Science and technology (S&T) affect all aspects of American life, including work, leisure, family, and civic activities. In the workforce, Americans use technology to improve productivity in ways that could not have been imagined a generation ago, applying recently invented tools and applications. In their leisure time, they entertain themselves with high technology electronic products and make friends, communicate, and stay informed about the world through the Internet and social media. As citizens, they may engage in discussions on climate change, stem cell research, and nuclear power—issues about which atmospheric scientists, microbiologists, and nuclear engineers have formal training and expertise—or benefit from advances in new technologies.
It is increasingly difficult for Americans to be competent workers, consumers, and citizens without some degree of competency in S&T. How the American public collectively deal with S&T-related issues may, in turn, affect what kinds of S&T development the United States will support. Therefore, this chapter presents not only indicators about media sources, information, and knowledge of S&T, but indicators of people's attitudes about S&T-related issues as well. To put U.S. data in context, this chapter examines trend indicators for past years and comparative indicators for other countries.
This chapter is divided into four main sections. The first section includes indicators of the public's sources of information about, level of interest in, and active involvement with S&T. The second section reports indicators of public knowledge, including measures of factual knowledge of science and engineering and people's understanding of the scientific process. When possible, American adults' understanding of science is compared to that of American students. The third and fourth sections of the chapter describe public attitudes toward S&T. The third section presents data on attitudes about S&T in general, including support for government funding of basic research, confidence in the leadership of the scientific community, perceptions of the prestige of S&E occupations, and opinions about how much influence science and scientists should have on public affairs. The fourth section addresses public attitudes on issues in which S&T plays an important role, such as the environment, climate change, nuclear power, the quality of science and math education, and the use of animals in scientific research. It also includes indicators of public opinion about several emerging lines of research and new technologies, including stem cell research, cloning, genetically modified (GM) food, nanotechnology, and synthetic biology.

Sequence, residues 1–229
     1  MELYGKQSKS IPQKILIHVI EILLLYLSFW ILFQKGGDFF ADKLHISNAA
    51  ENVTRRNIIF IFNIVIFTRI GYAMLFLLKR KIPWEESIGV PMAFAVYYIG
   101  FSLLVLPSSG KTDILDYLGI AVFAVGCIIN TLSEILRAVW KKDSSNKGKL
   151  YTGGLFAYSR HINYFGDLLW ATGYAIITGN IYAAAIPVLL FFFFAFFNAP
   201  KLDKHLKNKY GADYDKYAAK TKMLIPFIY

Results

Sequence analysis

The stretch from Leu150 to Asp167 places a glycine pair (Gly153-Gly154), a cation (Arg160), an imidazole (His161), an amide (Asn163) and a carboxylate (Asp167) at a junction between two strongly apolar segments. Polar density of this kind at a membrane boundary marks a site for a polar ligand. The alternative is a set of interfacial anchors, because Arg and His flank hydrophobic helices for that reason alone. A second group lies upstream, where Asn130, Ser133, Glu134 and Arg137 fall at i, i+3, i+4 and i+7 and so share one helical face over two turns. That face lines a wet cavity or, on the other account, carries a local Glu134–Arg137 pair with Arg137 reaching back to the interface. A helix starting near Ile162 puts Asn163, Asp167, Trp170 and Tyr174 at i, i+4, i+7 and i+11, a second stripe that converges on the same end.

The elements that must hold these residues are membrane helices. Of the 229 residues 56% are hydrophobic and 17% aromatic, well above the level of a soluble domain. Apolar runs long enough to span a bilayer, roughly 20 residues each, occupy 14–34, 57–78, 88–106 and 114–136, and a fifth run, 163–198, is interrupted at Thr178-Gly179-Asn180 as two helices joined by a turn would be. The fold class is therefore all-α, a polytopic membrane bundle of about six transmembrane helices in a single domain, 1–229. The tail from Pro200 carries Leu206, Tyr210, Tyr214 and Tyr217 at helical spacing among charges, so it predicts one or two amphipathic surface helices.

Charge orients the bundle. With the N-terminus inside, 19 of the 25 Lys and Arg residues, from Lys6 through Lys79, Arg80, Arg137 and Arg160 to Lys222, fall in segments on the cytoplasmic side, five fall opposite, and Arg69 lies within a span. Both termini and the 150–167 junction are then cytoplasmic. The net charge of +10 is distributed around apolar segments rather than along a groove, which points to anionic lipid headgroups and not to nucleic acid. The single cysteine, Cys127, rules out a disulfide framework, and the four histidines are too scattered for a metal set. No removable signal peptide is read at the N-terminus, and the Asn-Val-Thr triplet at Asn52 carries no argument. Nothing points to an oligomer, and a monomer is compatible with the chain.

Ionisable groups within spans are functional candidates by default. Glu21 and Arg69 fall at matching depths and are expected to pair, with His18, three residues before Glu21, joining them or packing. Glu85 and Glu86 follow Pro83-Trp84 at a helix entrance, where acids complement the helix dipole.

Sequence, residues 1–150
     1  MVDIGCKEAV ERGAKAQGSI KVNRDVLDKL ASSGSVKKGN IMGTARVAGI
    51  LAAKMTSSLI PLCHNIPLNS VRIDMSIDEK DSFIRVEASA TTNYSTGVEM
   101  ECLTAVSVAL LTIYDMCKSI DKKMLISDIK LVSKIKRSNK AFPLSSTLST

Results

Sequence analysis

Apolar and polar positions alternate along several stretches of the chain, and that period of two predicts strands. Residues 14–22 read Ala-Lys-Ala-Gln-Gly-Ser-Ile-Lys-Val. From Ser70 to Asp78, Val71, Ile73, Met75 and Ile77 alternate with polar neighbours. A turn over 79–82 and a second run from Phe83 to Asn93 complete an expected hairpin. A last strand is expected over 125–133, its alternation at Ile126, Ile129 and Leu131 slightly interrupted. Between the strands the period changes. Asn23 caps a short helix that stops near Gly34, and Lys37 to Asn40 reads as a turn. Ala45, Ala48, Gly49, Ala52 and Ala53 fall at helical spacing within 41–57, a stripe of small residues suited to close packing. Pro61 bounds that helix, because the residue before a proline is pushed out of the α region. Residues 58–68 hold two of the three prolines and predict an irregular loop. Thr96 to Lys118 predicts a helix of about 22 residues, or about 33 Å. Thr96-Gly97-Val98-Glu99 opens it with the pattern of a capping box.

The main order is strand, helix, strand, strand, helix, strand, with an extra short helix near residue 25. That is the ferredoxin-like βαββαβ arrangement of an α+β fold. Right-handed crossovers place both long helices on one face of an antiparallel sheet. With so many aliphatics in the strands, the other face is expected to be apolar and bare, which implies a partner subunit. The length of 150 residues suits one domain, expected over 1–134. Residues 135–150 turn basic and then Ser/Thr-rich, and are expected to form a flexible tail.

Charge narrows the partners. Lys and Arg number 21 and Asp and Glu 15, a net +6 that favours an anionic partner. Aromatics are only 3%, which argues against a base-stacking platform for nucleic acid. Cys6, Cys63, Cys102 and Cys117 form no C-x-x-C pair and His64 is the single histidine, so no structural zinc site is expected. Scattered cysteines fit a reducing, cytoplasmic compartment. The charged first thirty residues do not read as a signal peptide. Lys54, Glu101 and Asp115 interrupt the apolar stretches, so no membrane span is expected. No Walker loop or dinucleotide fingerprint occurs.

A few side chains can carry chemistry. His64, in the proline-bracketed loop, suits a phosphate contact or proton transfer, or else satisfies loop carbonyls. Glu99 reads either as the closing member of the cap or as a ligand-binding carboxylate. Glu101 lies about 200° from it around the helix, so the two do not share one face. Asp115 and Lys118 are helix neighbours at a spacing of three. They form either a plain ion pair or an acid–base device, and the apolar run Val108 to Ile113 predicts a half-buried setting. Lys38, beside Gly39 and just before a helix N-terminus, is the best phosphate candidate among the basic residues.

This chapter emphasizes trends over time, patterns of variation within the U.S. population, and international patterns. It reviews survey data from national samples with sound representative sampling designs. The emphasis in the text is on the trends and patterns presented in the data. All survey data are subject to numerous sources of error; interpretation of the data should be mindful of the limits of survey data. Caution is especially warranted for data from surveys that omit significant portions of the target population, have low response rates, or have topics that are particularly sensitive to subtle differences in question wording. (See sidebars, "U.S. Survey Data Sources" and "International Survey Data Sources.") Most of the international comparisons involve identical questions asked in different countries. However, language and cultural differences can affect how respondents interpret questions and can introduce numerous complexities, so international comparisons require careful consideration.
Throughout this chapter, the terminology used in the text reflects the wording in the corresponding survey question. In general, survey questions asking respondents about their primary sources of information, interest in issues in the news, and general attitudes use the phrase "science and technology." Thus, "S&T" is used when discussing these data. Survey questions asking respondents about their confidence in institutional leaders, the prestige of occupations, and their views on different disciplines use terms such as "scientific community," "scientists," "researchers," and "engineers," so "S&E" is used when examining issues related to occupations, careers, and fields of research. Although science and engineering are distinct fields, national survey data that make this distinction are scarce.